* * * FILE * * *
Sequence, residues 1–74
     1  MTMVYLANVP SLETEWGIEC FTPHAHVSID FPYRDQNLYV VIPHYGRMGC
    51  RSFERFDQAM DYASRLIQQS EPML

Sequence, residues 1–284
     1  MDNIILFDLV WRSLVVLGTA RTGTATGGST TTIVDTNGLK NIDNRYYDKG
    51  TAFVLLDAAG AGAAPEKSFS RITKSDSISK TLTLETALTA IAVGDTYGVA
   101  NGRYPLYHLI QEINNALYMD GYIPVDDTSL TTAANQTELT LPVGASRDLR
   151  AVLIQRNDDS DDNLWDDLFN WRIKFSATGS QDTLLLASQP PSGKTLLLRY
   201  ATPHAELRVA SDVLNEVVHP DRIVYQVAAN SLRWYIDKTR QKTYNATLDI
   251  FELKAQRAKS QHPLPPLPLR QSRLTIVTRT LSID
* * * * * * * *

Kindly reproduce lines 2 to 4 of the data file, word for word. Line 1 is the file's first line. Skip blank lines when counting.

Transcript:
     1  MTMVYLANVP SLETEWGIEC FTPHAHVSID FPYRDQNLYV VIPHYGRMGC
    51  RSFERFDQAM DYASRLIQQS EPML

Sequence, residues 1–284